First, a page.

Other issues also continued unabated. Goldsmiths’s student body is 40% non-White, closely mirroring London’s own rich diversity. During the current strike, artists-teachers like Rehana Zaman, a Goldsmiths UCU representative who received her degrees from the school and teaches in its Fine Art MFA and Artists’ Film and Moving Image MA programs, have had to step up. “We’re all aware academia is overwhelmingly White, and part of our work has been to call out the institutional racism of the institution and to dismantle it when we see it appear in our organizing spaces,” Zaman, who was born in a town near Leeds and is of Pakistani descent, told Hyperallergic. “I’ve taken a more active role in the union since last summer largely because of a fallout around the precarious contracts myself and the majority of the other BIPOC members of staff in my department were/are on.”
The administration has voiced a commitment to improving conditions for non-White people at the school. When asked why the SMT is overwhelmingly White, a spokesperson for Goldsmiths told Hyperallergic in an email that the school is “working to address the under-representation of people of color in senior management roles” by launching efforts to recruit more diverse staff.
After a group led by students of color at Goldsmiths occupied a school-owned building for 137 days in 2019, in protest of what they viewed as inadequate administrative action against racism, the administration at the time formally agreed to an overhaul of the curriculum and hold anti-racism training for all staff. Currently, there is an effort at Goldsmiths to diversify its library collections as well as a summer career week for “students from underrepresented backgrounds.” A spokesperson for Goldsmiths told Hyperallergic that the school “will be interviewing selected suppliers of anti-racism training in April and pilot sessions will be scheduled in summer 2022 before being rolled out.” He explained the delay in the implementation of anti-racist training:
“Following a period of discussion between key stakeholders including [the 2019] activists, members of Goldsmiths Race Equality Group and senior leaders, a working group re-convened in July 2021 to oversee the development of all-staff anti-racism training. The training contract was advertised through an open procurement in August – September 2021 however the training tender review group decided none of the submissions were adequate as they did not convey a strong understanding of systemic and institutional racism. The contract was [then] re-advertised.”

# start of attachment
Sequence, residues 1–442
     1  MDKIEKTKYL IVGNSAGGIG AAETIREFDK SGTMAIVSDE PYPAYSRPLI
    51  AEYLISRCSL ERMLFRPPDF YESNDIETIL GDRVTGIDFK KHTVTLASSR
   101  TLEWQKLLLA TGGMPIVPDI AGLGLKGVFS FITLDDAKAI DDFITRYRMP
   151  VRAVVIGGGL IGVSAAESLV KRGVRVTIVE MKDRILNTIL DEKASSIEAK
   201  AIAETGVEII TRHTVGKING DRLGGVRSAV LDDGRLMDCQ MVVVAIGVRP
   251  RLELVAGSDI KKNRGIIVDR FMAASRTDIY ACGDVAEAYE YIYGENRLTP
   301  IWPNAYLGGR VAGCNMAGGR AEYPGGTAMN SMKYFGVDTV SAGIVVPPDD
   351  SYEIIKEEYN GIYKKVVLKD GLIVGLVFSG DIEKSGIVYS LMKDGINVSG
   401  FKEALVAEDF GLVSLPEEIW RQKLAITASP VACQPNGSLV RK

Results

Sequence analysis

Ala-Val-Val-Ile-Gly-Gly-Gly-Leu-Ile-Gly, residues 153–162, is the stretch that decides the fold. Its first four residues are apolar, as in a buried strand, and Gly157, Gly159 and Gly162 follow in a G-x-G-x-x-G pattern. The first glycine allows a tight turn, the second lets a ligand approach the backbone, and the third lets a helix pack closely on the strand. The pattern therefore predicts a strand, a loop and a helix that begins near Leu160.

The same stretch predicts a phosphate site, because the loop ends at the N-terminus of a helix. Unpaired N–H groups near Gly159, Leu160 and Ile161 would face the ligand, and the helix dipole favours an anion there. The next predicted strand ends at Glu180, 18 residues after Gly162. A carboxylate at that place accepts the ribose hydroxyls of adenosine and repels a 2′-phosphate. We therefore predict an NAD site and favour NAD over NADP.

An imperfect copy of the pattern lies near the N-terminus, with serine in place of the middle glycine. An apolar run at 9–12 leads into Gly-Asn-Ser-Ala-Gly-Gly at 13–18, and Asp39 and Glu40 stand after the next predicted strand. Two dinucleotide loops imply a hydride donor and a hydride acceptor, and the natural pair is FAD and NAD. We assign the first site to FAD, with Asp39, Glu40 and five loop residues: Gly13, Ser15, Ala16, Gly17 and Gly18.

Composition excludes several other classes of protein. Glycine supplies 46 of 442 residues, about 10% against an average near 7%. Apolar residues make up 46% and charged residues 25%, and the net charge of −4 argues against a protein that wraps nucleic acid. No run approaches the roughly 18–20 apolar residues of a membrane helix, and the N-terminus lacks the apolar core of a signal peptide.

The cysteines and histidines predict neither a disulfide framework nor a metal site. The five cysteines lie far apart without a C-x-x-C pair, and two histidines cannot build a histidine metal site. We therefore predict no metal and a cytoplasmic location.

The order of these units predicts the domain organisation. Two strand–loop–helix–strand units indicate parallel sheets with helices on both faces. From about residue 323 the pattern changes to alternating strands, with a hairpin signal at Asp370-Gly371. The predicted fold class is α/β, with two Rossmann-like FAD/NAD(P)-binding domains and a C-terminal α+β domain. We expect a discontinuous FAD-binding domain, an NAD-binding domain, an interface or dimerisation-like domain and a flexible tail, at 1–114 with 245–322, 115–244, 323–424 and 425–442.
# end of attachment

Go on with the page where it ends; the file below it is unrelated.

While it may seem that Goldsmiths’s SMT has addressed the institution’s race-based disparities, the class aspect remains out in the open. Warder Corner authored the book Fashion Matters (2014), described by its fans on Amazon as “great,” “thought provoking,” and “smelled amazing,” and led the London College of Fashion for 14 years. Concerned about sustainability, she banned beef from Goldsmiths’s cafeteria and got the school to stop investing its endowment funds in companies that profit from fossil fuels when she took over. Corner herself is a product of UK public higher education, having attended the famed public art schools Central Saint Martins and Chelsea School of Art before getting her PhD at the (private) Oxford University.
“They are shit at biz but wanna be real estate kings and queens,” a Goldsmiths lecturer told Hyperallergic more bluntly in a message about leadership. Whatever the case, according to the Goldsmiths UCU and others, Corner has refused to make appearances at dispute resolution meetings.
This lecturer hasn’t been alone in their sentiments: Over a year ago, nearly 700 Goldsmiths staff expressed a non-binding vote of no confidence in the SMT. When asked if they had approached any of the so-called Young British Artists for funding, a spokesperson for Goldsmiths told Hyperallergic, “While we are actively working on fundraising this is not a quick fix and the reality is philanthropists want to support projects tackling major societal challenges rather than funding shortfalls due to Covid impacts, rising costs, and government funding cuts.”
It’s not clear how defunding higher education isn’t already starting to pose “major societal challenges” in the country, or how the powers behind a famous school haven’t worked out the understanding gap among potential funders that is their entrusted task. Nevertheless, Corner and her team have already made a deal with outside institutions. According to the Goldsmiths Students’ Union, the SMT “have signed a deal with their banking ‘partners’; in exchange for limited financial support, the SMT has committed to cutting staffing by £4 million this year and a further £2 million next year.” As some of the current strikers have implied, it seems that what the administration at Goldsmiths and others like it are really great at doing is using the loss of public funds and a worldwide pandemic to cut up a school and its reputation. The administration plans to start sending out formal dismissal notices to already notified staff on April 12 and 13, a spokesperson for the school told Hyperallergic.
In the meantime, the Goldsmiths community has shared several resources to support badly needed services and departments on the chopping block. Individuals can comment on an open letter to lend their support for Goldsmiths’s Black British History MA program, and sign a petition demanding that the UK government require universities to refund students during the strikes. A second petition asks the school to restore funding for Goldsmiths’s Against Sexual Violence Fund. Finally, supporters can donate to the Goldsmiths UCU strike fund.